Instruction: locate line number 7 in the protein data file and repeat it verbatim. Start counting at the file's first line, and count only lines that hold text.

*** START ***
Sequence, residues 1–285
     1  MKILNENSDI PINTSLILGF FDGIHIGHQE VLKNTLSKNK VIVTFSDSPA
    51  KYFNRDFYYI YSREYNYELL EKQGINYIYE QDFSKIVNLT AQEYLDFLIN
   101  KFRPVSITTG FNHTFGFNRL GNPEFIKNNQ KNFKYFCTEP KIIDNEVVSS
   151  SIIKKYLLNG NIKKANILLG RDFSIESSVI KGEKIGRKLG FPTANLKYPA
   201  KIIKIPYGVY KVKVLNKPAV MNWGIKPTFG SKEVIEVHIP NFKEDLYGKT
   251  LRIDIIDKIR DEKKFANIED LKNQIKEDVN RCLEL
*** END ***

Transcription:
   251  LRIDIIDKIR DEKKFANIED LKNQIKEDVN RCLEL